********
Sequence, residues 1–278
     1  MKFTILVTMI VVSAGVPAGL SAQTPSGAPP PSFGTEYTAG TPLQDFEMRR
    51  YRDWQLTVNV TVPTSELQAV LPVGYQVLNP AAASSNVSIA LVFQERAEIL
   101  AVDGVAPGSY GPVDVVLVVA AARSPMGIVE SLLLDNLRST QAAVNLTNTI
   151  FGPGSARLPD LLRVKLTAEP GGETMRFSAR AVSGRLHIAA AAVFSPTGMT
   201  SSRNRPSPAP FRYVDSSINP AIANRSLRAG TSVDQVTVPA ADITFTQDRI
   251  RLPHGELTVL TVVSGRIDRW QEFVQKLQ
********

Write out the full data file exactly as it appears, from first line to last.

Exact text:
Sequence, residues 1–278
     1  MKFTILVTMI VVSAGVPAGL SAQTPSGAPP PSFGTEYTAG TPLQDFEMRR
    51  YRDWQLTVNV TVPTSELQAV LPVGYQVLNP AAASSNVSIA LVFQERAEIL
   101  AVDGVAPGSY GPVDVVLVVA AARSPMGIVE SLLLDNLRST QAAVNLTNTI
   151  FGPGSARLPD LLRVKLTAEP GGETMRFSAR AVSGRLHIAA AAVFSPTGMT
   201  SSRNRPSPAP FRYVDSSINP AIANRSLRAG TSVDQVTVPA ADITFTQDRI
   251  RLPHGELTVL TVVSGRIDRW QEFVQKLQ